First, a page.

was an American soldier and statesman who served as the seventh president of the United States from 1829 to 1837. Before being elected to the presidency, Jackson gained fame as a general in the United States Army and served in both houses of the U.S. Congress. An expansionist president, Jackson sought to advance the rights of the "common man" against a "corrupt aristocracy" and to preserve the Union.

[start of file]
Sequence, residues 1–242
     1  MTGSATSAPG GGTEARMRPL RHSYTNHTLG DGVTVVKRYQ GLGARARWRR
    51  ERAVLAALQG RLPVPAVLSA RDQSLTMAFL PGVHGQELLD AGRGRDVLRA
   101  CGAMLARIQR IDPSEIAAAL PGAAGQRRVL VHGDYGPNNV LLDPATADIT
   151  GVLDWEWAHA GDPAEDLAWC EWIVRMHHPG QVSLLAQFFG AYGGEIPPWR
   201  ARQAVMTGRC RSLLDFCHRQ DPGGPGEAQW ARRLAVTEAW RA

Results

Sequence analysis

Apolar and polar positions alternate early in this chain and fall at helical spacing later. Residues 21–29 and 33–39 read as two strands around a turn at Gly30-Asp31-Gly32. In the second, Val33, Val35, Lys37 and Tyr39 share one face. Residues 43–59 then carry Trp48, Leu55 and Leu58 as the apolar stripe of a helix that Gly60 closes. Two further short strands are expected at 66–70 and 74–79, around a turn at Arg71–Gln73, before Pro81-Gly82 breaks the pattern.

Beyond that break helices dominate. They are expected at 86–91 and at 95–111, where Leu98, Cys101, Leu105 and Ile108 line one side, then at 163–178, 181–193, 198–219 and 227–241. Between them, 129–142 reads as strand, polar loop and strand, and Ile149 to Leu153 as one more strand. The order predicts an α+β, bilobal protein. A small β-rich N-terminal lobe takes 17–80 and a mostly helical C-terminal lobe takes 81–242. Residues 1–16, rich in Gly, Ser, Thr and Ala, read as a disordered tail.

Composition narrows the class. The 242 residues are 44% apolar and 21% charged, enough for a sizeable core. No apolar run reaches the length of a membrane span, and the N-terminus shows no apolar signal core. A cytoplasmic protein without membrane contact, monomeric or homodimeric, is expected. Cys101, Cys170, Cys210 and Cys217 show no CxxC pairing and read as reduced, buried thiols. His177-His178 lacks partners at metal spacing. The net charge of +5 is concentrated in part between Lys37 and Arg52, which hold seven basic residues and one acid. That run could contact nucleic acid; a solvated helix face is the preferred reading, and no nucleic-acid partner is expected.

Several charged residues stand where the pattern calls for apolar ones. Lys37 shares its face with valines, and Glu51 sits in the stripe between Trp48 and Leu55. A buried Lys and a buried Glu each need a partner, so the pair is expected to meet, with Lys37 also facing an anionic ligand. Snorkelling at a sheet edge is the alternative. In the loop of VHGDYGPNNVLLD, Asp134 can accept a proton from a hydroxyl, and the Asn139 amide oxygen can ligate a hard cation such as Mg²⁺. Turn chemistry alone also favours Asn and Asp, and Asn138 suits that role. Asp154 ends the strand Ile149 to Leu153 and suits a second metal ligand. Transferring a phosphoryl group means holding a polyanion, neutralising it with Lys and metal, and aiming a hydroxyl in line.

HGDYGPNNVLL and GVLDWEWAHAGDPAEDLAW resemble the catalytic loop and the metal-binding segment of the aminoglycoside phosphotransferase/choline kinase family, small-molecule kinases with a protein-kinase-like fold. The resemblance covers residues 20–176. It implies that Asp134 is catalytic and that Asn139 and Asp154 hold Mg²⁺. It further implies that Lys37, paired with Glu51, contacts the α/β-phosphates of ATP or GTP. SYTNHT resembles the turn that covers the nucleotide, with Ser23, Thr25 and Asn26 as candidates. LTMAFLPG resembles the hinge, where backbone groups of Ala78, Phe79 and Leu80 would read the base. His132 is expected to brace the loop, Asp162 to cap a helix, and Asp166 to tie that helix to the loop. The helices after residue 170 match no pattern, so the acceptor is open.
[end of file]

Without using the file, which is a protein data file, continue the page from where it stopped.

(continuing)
Born in the colonial Carolinas in the decade before the American Revolutionary War, Jackson became a frontier lawyer and married Rachel Donelson Robards. He served briefly in the United States House of Representatives and the United States Senate, representing Tennessee. After resigning, he served as a justice on the Tennessee Supreme Court from 1798 until 1804. Jackson purchased a property later known as The Hermitage, and became a wealthy, slaveowning planter. In 1801, he was appointed colonel of the Tennessee militia and was elected its commander the following year. He led troops during the Creek War of 1813–1814, winning the Battle of Horseshoe Bend. The subsequent Treaty of Fort Jackson required the Creek surrender of vast lands in present-day Alabama and Georgia. In the concurrent war against the British, Jackson's victory in 1815 at the Battle of New Orleans made him a national hero. Jackson then led U.S. forces in the First Seminole War, which led to the annexation of Florida from Spain. Jackson briefly served as Florida's first territorial governor before returning to the Senate. He ran for president in 1824, winning a plurality of the popular and electoral vote. As no candidate won an electoral majority, the House of Representatives elected John Quincy Adams in a contingent election. In reaction to the alleged "corrupt bargain" between Adams and Henry Clay and the ambitious agenda of President Adams, Jackson's supporters founded the Democratic Party.